The last form of magnesium we wanted to cover here is magnesium citrate. And no, we don’t include this one in our NeuroMag supplement - but it’s still useful for certain instances.

Magnesium citrate is also well-absorbed in the intestines, although it does not cross the blood-brain barrier to give us the cognitive benefits of magnesium L-threonate.

However, it can help create some of the same calming effects as magnesium glycinate and is absorbed rapidly into the bloodstream (through the gut), making it a great option for improving magnesium levels in a rather short period of time.

This form of magnesium does have a laxative effect, which is useful if you’re experiencing constipation.

But if you don’t want that effect, just stick to the recommended dosages for raising bloodstream magnesium levels without causing a problem in the bathroom.

Foods that contain magnesium

Another cool thing about magnesium is that it can be found in a lot of our favorite healthy foods!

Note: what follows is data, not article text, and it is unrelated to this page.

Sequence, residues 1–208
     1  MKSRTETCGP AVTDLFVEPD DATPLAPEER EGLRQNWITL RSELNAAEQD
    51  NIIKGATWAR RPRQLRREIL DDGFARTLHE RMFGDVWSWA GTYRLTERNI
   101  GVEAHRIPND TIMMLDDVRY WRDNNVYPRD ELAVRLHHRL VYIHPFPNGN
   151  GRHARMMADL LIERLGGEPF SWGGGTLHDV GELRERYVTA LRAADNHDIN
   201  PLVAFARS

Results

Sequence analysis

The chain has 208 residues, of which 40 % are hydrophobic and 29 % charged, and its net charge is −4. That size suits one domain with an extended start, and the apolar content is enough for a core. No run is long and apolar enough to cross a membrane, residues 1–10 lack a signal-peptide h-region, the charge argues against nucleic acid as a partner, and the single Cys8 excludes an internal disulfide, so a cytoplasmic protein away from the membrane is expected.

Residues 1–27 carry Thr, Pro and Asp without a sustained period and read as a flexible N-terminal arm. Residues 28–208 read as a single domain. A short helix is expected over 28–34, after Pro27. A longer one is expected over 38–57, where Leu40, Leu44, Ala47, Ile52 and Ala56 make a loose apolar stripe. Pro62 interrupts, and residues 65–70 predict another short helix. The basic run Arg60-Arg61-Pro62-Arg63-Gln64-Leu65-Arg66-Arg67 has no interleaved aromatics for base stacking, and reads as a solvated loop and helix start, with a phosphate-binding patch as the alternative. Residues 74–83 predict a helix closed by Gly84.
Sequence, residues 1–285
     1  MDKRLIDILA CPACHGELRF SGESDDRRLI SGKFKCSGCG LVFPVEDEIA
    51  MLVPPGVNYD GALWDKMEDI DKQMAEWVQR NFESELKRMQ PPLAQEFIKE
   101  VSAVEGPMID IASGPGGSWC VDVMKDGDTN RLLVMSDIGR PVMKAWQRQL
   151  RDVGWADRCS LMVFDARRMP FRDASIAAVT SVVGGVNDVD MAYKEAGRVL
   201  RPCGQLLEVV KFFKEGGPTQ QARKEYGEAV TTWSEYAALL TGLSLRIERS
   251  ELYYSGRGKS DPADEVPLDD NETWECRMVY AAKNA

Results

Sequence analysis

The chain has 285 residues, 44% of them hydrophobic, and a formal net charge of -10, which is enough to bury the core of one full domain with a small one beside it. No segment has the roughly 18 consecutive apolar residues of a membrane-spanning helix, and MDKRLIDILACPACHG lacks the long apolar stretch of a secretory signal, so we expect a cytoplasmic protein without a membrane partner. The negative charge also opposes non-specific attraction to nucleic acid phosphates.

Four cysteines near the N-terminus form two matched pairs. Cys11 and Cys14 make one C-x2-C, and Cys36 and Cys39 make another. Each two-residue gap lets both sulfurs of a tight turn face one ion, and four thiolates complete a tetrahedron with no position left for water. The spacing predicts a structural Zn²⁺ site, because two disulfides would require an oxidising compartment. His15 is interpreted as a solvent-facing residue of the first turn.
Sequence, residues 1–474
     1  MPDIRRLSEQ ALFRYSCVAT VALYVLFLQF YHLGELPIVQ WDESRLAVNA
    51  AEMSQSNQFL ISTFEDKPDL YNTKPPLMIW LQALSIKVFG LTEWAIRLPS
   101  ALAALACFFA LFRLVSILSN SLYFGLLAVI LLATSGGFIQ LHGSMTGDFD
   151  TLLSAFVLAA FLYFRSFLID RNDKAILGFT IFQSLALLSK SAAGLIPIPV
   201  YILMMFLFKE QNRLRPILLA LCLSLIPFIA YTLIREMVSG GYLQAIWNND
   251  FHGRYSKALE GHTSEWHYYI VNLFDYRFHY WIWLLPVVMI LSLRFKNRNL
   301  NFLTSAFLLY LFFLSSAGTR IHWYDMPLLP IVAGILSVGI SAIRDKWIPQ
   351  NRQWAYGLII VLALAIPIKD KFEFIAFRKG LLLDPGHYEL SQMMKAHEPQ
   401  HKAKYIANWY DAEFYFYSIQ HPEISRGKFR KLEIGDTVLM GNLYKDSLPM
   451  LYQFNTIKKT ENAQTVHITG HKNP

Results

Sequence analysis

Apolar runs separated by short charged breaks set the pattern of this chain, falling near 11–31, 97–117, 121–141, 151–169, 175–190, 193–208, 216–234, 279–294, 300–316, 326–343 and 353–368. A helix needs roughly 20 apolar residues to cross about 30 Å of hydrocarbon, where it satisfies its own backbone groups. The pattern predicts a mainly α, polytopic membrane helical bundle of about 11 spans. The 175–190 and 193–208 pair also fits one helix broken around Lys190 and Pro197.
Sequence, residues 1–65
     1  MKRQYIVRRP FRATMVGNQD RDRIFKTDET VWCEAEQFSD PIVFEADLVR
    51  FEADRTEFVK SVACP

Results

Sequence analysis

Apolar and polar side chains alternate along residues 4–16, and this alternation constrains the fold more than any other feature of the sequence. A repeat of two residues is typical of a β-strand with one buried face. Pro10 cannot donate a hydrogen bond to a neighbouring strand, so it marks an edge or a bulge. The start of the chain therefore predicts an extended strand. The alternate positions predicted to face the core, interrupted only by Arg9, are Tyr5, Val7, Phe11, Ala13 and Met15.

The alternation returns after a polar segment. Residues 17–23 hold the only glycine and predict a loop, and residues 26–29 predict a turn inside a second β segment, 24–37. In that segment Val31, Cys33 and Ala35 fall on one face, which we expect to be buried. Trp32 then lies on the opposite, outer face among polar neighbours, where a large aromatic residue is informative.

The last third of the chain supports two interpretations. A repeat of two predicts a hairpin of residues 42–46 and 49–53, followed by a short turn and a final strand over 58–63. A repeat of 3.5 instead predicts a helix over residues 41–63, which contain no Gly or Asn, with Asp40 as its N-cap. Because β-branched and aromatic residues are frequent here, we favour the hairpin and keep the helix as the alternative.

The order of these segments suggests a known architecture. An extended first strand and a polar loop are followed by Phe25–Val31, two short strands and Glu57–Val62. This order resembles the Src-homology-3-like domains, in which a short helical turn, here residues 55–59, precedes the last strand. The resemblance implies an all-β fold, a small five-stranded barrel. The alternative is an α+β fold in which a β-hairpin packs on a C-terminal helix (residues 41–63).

The Cleveland Clinic has an excellent resource about foods with magnesium, and you can find that full list here.

However, these are some delicious ways to get more magnesium into your daily diet:

• Avocados
• Dark chocolate
• Spinach
• Almonds
• Pumpkin seeds
• Cashews
• Black beans
• Kidney beans
• Salmon
• Halibut
• Broccoli
• Carrots
• Apples

While eating the most nutrient-rich diet possible is very important, it’s also important to note that supplementation is key, especially if you’re deficient in something.

We hope that this resource helped you understand why we like certain forms of magnesium in supplements over others, and that this is a useful resource when you’re choosing which ones to buy.

Since we liked these specific forms of magnesium so much, our NeuroMag supplement is formulated with the first 3 forms detailed in this article.

If you want a delicious option for high-quality magnesium, check out our NeuroMag here:

Sources for this article:

Magnesium L-Threonate:


Magnesium Malate:


Magnesium Lysinate Glycinate Chelate:


Magnesium Citrate:


Other links: